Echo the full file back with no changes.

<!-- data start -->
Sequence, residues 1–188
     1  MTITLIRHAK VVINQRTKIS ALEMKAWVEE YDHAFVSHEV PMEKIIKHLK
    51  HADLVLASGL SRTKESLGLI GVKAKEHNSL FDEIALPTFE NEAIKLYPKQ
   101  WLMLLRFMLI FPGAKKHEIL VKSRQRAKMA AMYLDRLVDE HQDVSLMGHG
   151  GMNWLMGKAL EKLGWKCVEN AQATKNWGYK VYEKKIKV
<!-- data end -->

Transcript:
Sequence, residues 1–188
     1  MTITLIRHAK VVINQRTKIS ALEMKAWVEE YDHAFVSHEV PMEKIIKHLK
    51  HADLVLASGL SRTKESLGLI GVKAKEHNSL FDEIALPTFE NEAIKLYPKQ
   101  WLMLLRFMLI FPGAKKHEIL VKSRQRAKMA AMYLDRLVDE HQDVSLMGHG
   151  GMNWLMGKAL EKLGWKCVEN AQATKNWGYK VYEKKIKV